Eadie wants to continue to work with community

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This article was published 15/10/2018 (1397 days ago), so information in it may no longer be current.

 

Ross Eadie said he is running again as a city councillor for the Mynarski Ward to ensure continued improvement to the neighbourhoods that make up the ward.

Ross Eadie said he is running again as a city councillor for the Mynarski Ward to ensure continued improvement to the neighbourhoods that make up the ward.

 

Photo by Ligia Braidotti Ross Eadie, pictured above at a police forum on the meth crisis on Sept. 26, is running for a third term as city councillor for the Mynarski Ward.

Eadie was first elected for council in 2010 and is now running for a third term. He said he likes to work with community people and leaders to make things better such as resolving crime issues. Eadie grew up in the North End and said he is proud of Winnipeg. He got into politics to lobby for better things for people with disabilities and accessibility.

Eadie, 58, was first elected city councillor in 2010.

“I work with the community. The things I would be proud of accomplishments are things that the community worked together,” he said.

Eadie played a role supporting the Merchant’s Corner on Selkirk Avenue, rallied for the North Point Douglas Women’s Centre, continued to run and serve the people of North Point Douglas, continued to support Sel Burrows and the Powerline, as well as residents’ associations.

Eadie commented he has some ideas that would help solve the crime issues in his ward.

“The police service has gotten better at providing services… but in the meantime, over this period of time we now have this meth crisis which has resulted in a lot of property crime. We can’t pay enough police officers to take care of everything,” he said, adding he moved a motion in council so that every area could have a safety strategy.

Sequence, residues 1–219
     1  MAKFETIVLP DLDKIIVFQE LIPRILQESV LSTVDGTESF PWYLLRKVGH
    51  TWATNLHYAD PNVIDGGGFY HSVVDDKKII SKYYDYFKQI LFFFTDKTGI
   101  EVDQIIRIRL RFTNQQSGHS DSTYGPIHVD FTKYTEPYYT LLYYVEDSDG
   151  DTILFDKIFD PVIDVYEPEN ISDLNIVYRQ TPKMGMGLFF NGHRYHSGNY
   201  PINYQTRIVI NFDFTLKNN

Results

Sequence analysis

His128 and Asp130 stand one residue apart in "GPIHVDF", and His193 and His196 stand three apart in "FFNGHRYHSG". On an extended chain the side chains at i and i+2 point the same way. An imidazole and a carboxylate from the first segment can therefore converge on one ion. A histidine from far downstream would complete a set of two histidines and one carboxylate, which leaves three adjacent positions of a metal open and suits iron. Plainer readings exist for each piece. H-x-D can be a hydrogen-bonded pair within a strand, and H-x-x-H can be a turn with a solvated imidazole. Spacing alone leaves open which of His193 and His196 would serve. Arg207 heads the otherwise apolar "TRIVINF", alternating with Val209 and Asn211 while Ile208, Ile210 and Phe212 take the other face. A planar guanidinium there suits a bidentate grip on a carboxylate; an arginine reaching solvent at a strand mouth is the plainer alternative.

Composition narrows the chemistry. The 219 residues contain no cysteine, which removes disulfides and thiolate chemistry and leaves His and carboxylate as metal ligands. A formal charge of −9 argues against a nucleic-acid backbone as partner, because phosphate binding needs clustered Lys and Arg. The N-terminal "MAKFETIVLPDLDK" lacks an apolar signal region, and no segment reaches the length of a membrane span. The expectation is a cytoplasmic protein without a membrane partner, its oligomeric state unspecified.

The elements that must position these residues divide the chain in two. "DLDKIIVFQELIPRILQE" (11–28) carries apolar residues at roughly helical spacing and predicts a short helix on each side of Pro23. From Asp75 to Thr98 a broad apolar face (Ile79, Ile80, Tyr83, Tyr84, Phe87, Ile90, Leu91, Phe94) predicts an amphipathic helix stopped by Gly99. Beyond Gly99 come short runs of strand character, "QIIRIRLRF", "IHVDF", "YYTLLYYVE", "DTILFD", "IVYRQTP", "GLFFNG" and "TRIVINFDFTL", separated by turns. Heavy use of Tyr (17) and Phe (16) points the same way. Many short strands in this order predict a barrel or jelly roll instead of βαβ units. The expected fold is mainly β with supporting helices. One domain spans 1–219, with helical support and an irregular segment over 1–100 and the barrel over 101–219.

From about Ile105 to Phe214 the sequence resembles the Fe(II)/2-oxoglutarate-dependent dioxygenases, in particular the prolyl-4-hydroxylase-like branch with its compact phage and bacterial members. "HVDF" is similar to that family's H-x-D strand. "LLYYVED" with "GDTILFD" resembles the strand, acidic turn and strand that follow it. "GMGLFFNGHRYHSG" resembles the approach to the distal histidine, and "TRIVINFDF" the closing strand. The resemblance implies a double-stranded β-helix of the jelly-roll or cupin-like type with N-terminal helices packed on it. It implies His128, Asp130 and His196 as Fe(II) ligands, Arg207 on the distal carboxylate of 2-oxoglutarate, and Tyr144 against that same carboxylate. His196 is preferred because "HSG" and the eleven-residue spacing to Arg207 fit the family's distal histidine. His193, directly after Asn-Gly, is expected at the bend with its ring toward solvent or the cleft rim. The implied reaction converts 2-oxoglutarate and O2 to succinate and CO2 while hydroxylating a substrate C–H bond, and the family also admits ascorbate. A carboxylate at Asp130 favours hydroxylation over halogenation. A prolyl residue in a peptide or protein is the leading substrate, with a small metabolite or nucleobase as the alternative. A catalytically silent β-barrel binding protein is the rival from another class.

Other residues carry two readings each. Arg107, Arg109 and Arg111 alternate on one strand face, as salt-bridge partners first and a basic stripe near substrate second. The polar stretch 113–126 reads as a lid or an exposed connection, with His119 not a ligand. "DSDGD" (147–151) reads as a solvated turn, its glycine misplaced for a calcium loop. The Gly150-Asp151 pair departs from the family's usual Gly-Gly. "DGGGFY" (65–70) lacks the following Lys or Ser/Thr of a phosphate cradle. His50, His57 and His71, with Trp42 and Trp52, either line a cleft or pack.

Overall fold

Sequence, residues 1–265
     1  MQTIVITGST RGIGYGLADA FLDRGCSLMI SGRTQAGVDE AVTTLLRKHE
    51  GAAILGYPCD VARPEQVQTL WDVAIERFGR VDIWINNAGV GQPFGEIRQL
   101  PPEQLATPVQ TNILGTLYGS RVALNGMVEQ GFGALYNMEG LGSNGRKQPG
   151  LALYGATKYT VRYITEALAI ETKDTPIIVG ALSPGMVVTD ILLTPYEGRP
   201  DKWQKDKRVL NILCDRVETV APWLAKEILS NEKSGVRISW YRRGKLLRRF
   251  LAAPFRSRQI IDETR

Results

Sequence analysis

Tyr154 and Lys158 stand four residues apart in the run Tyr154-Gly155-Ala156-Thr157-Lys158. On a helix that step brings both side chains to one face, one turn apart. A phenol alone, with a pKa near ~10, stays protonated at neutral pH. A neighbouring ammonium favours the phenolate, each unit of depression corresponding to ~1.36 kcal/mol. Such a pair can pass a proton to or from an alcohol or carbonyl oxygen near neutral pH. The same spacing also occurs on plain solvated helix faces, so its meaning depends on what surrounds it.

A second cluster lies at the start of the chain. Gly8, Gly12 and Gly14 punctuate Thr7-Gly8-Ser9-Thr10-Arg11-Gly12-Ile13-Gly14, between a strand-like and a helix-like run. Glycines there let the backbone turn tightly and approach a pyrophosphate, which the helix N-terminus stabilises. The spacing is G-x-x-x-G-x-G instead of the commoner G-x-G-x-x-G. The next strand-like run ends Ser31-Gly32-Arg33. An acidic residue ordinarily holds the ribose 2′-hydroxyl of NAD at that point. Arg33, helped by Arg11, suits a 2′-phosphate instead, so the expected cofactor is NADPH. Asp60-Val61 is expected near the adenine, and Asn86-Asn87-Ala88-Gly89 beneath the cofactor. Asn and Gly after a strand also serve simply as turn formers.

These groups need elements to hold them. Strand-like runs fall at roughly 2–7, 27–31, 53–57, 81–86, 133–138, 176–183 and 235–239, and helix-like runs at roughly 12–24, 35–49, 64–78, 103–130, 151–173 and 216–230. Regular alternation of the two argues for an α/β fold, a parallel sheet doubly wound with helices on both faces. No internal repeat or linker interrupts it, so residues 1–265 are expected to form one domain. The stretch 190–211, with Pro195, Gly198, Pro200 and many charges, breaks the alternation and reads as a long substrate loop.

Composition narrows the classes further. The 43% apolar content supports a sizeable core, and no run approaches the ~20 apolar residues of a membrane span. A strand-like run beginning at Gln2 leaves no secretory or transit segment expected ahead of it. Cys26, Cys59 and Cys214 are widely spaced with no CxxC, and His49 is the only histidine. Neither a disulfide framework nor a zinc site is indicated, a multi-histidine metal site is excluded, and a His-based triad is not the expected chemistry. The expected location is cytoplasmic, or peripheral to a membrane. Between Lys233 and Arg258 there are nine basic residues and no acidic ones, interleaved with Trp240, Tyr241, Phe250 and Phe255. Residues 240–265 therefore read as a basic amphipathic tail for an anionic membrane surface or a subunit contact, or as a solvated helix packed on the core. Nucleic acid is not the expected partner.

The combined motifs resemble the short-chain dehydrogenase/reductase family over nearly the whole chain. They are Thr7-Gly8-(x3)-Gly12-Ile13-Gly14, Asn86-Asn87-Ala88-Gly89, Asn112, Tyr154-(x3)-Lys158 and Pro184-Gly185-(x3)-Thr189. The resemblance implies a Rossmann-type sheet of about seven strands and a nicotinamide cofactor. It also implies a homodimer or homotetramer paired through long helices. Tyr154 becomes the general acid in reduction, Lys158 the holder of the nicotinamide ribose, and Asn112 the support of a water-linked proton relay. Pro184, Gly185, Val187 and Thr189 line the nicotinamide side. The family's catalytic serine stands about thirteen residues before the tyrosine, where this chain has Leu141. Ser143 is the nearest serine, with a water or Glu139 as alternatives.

“Why should only downtown have a safety strategy which has items in it that are funded?”

Other priorities include infrastructure renewal, which encompasses the existing bridges, regional roads and local roads, back lanes and sidewalks; reducing crime and crime prevention; recreational services; and better public transit.

Eadie said the city needs to support community centres better, provide funding for the North End Hockey Program and other sports programs, which according to him, can help prevent children from getting hooked on drugs or joining gangs.

Eadie is rallying for growth in North Winnipeg and said the city needs to build the Chief Peguis Trail Extension because it will save on impact growth fees.

“It’s about growth in this part of this city so people can afford to live in our area. We need our opportunity to grow here, and that opportunity to economically grow is the Chief Peguis Trail Extension.”

To learn more about Eadie, go to rosseadie.ca

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